Having just finished writing a pair of books that should appear in October, I’ve switched to a more relaxing gear and done a little summer reading. The first book on my list to finish was Owen Linzmayer’s Apple Confidential (No Starch Press, ISBN 1-88641-28-X, $17.95 or less via Amazon or for a signed copy direct from Owen), a record of the tumultuous history of Apple Computer from Apple’s founding through 1999’s Macworld San Francisco.
Despite the new title and publisher, Apple Confidential is essentially a second edition of Owen’s 1994 collection of historical Macintosh quotes, facts, and stories, The Mac Bathroom Reader. Although I’m one of those for whom reading in the bathroom is a foreign (and uncomfortable) notion, calling that book a "bathroom reader" was actually quite appropriate, since the book’s chapters are short and full of quotes, sidebars, and other easily digested bits of information. Apple Confidential, in contrast, suffers somewhat from this design because it ends up feeling choppy and repetitive in areas where the independent chapters are forced to duplicate information to convey the different aspects of Apple’s history.
But what a story it is, and what a job Owen has done! Thanks to TidBITS, I’ve followed Apple for nearly 10 years and the aspect of the job that I enjoy most is learning the real story behind the public faces of Macintosh companies. Subtitled "The Real Story of Apple Computer, Inc." Apple Confidential doesn’t disappoint, with information that you’re unlikely to have seen elsewhere. Owen talked to a vast number of Apple insiders while putting together the book, which enabled him to ferret out more of the reasons why various events happened, along with the stories of how they happened.
The stories of Apple’s most famous commercials, the Big Brotherish 1984, anchored by blond model Anya Major (who got the job because she was also an experienced discus thrower), and the dismal Lemmings, with its line of suited business-people blindly walking off a cliff, highlight this inside information. Both commercials were so controversial with Apple’s executives that former CEO John Sculley ordered ad agency Chiat/Day to sell back the Super Bowl commercial slots. With 1984, Chiat/Day managed to sell back 30 seconds of the 90 seconds Apple had bought, and John Sculley left the decision of whether to run 1984 in the hands of William Campbell (then a VP of marketing, now chairman of Intuit’s board of directors) and E. Floyd Kvamme (an executive VP of marketing and sales). They gambled on 1984 and won. With Lemmings, though, Chiat/Day managed to sell Apple’s 60 second slot and had to repurchase it when Sculley again passed on the decision and left it to marketing manager Mike Murray, who made the mistake of running Lemmings. In retrospect, which imbues the entire book, Owen points out that 1984 was backed up by the ground-breaking Macintosh, whereas Lemmings was meant to introduce the Macintosh Office, which was essentially the concept of connecting Macs to a LaserWriter and sharing files on a fileserver. Unfortunately, although the Macintosh Office was a good concept, the fileserver part wasn’t to ship until two years later, prompting the quotable Jean-Louis Gassee, then general manager of Apple France, to refer to it as the "Macintosh Orifice."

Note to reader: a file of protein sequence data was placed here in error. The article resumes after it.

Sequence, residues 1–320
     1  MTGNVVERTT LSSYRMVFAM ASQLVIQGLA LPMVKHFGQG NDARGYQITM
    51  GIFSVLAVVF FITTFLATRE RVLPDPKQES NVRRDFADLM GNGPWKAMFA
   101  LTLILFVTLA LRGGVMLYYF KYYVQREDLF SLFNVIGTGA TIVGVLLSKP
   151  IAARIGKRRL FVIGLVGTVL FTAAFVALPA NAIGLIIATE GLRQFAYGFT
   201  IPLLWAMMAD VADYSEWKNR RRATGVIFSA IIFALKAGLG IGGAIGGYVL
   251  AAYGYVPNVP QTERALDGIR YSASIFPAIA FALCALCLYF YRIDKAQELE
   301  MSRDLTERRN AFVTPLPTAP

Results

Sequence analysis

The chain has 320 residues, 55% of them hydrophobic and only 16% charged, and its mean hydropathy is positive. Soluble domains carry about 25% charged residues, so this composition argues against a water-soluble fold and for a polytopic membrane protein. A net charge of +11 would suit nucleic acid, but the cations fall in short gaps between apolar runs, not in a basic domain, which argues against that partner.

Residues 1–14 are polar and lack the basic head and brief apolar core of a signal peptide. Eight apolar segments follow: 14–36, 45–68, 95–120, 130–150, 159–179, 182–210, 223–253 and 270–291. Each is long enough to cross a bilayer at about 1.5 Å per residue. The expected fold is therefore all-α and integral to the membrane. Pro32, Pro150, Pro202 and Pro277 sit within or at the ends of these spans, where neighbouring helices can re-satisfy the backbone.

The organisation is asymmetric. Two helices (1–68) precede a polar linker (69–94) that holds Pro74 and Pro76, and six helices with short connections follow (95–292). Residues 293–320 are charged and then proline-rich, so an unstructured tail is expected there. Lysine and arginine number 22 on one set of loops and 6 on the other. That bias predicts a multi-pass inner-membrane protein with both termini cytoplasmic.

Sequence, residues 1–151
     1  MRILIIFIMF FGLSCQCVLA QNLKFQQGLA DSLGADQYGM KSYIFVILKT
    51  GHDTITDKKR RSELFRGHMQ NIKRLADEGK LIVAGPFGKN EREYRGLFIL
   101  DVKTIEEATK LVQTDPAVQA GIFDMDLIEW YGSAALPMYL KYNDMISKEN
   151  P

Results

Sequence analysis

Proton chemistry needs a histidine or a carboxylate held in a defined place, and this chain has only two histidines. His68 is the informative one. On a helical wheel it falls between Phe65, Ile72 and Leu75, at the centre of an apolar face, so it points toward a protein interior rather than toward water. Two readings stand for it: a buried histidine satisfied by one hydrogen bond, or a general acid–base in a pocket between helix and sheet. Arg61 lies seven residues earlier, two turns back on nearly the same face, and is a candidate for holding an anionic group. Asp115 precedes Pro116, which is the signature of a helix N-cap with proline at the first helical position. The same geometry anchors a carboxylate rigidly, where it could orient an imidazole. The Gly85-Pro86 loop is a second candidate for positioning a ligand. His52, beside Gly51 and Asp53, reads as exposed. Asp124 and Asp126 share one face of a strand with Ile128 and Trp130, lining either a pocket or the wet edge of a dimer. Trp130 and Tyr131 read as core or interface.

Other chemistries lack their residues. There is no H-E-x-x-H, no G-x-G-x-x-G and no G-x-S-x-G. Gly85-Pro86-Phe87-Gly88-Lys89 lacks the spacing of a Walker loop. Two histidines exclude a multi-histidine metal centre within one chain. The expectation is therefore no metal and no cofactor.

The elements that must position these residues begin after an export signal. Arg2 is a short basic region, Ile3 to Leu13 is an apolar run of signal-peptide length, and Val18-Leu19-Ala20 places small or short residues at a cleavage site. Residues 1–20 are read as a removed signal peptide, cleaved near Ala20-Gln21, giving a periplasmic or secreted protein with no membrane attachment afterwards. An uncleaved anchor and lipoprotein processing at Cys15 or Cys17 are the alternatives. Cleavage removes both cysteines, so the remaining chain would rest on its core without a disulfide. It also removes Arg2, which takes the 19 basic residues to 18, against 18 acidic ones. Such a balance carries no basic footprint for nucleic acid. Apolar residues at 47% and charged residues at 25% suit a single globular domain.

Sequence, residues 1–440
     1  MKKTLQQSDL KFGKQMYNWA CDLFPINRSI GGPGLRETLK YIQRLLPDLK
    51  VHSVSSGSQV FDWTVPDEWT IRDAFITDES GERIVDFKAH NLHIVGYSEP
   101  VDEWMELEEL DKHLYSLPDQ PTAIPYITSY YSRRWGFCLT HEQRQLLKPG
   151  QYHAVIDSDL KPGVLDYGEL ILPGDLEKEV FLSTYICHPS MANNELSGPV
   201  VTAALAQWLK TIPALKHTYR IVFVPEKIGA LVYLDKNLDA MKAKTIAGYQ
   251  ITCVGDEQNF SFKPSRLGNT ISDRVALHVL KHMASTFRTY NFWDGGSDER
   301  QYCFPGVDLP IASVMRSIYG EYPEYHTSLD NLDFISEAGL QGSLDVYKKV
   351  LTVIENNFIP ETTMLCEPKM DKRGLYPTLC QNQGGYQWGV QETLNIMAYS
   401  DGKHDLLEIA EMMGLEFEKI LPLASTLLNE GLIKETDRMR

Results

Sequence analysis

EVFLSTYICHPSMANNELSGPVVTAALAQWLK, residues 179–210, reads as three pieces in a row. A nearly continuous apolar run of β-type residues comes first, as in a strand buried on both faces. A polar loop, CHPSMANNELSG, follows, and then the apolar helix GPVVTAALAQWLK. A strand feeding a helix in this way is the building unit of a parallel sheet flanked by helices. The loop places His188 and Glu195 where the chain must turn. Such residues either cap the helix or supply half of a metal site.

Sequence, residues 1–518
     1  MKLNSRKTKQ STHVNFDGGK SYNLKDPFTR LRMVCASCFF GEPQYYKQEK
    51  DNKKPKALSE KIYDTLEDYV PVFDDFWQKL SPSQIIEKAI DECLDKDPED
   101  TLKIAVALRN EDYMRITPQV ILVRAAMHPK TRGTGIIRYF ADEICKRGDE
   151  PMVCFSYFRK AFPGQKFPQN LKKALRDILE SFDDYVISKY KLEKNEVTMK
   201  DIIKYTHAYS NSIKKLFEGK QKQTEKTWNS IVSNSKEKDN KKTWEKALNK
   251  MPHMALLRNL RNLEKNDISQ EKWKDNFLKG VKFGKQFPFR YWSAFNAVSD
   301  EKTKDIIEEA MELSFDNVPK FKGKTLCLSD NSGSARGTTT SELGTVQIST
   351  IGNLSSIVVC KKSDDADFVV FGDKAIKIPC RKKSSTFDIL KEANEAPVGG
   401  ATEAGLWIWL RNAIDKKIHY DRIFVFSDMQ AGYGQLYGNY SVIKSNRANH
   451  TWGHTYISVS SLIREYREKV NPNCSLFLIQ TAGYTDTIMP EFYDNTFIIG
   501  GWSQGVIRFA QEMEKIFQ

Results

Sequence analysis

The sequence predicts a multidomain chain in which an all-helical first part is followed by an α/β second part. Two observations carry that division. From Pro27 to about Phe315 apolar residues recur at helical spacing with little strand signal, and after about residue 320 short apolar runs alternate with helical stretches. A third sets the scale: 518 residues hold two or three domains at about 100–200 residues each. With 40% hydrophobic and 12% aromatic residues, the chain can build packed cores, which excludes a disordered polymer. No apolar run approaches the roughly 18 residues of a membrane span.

Similar stories abound, providing a look inside the company during the tenure of each of the CEOs: Steve Jobs, John Sculley, Michael Spindler (who was intent on selling Apple for his three year stint), Gilbert Amelio, and Steve Jobs again. Here is where people who had previously read The Mac Bathroom Reader will especially appreciate the update, since the last five years have been a roller-coaster ride for Apple. Technologies like Copland have come and gone, Apple’s stock price has risen and fallen and risen again, and we’ve seen the Macintosh clone manufacturers sprout from nothing only to be cut down by Apple. As much as Apple as an entity has been notoriously difficult to direct throughout history, Apple’s CEOs have still been responsible for the pivotal decisions that made the company we now see, so it’s instructive to read their stories.
Owen Linzmayer writes primarily for Macintosh magazines, and his journalistic experience shows throughout Apple Confidential in ways other than the article-like style of individual chapters. Most refreshing is the level of accuracy he’s brought to the book. It’s always distressing to read a book about a topic you know well and to disagree with either facts or the analysis, since then you begin to doubt the veracity of the rest of the book. Although I’m certainly no expert on Apple’s internal affairs, especially during the early days, I never found myself questioning either Owen’s facts or his commentary about what happened.
You also get the sense that Owen has researched many of these facts for magazine articles, since figures like the timelines of Mac OS and Macintosh model release dates are not only interesting, but tremendously useful to anyone trying to write about Apple. Similarly, it’s instructive to see the chart of Apple’s quarterly profits over the last four years, broken up by CEO (Spindler, Amelio, Jobs).
In the end, I’ll end up using Apple Confidential as a resource when I’m writing – there’s no better source for Macintosh facts, quotes, stories, and code names (an interesting one that came after the book’s publication is the bronze keyboard PowerBook G3, commonly known as "Lombard;" amusingly, everyone I’ve spoken with inside Apple refers to that PowerBook’s code name as "101"). You may not need Apple Confidential as a reference the way I do, but anyone interested in Apple and the Macintosh can easily spend many enjoyable hours poring through the book’s inside information.